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Thursday, 22 August 1912

Senator GIVENS (Queensland) . - I have always protested against adjournments of the character now proposed and I. intend to do so on this occasion.

Senator Millen - Does the honorable senator desire an additional week?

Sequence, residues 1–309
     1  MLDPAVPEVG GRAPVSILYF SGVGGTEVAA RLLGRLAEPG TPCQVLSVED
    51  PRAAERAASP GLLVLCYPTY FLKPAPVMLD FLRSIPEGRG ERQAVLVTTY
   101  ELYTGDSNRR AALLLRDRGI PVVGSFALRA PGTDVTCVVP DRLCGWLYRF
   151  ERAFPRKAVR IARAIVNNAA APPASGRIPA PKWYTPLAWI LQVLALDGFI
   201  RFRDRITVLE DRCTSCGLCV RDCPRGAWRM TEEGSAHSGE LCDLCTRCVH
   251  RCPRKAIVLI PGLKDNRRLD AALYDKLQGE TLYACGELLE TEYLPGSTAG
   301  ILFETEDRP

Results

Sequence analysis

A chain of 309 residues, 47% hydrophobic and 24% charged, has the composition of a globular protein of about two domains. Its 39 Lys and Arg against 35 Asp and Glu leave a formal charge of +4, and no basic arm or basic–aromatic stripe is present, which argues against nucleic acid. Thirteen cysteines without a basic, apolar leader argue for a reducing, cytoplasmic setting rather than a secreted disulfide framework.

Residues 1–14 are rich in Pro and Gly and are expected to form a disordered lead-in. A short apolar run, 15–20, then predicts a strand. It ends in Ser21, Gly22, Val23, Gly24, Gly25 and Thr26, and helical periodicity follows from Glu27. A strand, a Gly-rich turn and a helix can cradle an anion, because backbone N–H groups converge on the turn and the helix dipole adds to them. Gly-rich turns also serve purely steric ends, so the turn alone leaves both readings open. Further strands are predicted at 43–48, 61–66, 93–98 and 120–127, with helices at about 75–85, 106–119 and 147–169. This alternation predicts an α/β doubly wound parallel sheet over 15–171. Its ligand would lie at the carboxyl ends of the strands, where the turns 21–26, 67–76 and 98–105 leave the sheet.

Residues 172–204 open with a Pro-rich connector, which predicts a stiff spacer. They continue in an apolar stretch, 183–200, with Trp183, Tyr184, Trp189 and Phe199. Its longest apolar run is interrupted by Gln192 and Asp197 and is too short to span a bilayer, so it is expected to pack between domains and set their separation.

Senator GIVENS - The proposed adjournment, from my point of view, is altogether wrong. We have not yet proceeded with the discussion of the Budgetpapers, and I have always objected to adjournments of this character whilst any serious business remains to be transacted. Honorable senators have complained again and again that a reasonable opportunity is not afforded them to discuss the financial statement; that it is presented at the last moment, and when, because of their desire to return to their homes, they have been forced to pass the Estimates practically without discussion. To this complaint the Government have replied, " The Budgetpapers have been before the Senate for some time, and you have had ample opportunity to discuss the whole question, but have failed to avail yourselves of it." No matter what Government is in power the resumption of the debate on the motion that the Budget-papers be printed is always placed at the bottom of the businesspaper, and we find to-day that, although we have yet to discuss the Budget it is proposed that we shall adjourn for a month. It is said that honorable senators desire a rest, and wish to return to their homes, or visit their constituents. Such an adjournment as that now proposed would not permit of my visiting my home in North Queensland. I could not leave Melbourne: until Wednesday next, and even if I travelled night and day I should not be able to spend more than three days in my home at the back of Cairns. Whilst there is business on the notice-paper to be done we should object to any adjournment. We should do the work that we are paid to transact, and when we have cleared the business-paper we should have such an adjournment as would give us a reasonable opportunity to visit our constituents, and to make ourselves acquainted with the wants of the country. But the " tiddlewinking " adjournments that we have had, particularly during the present session, are of no value to us. It is wrong that we should be compelled at the bidding of the Government to agree to this adjournment at a time when the most important subject of the year - the Budget statement - remains to be debated. We are to free the Government from criticism, and to adjourn for a month simply because the Government ask us to do so. I shall vote against this motion.

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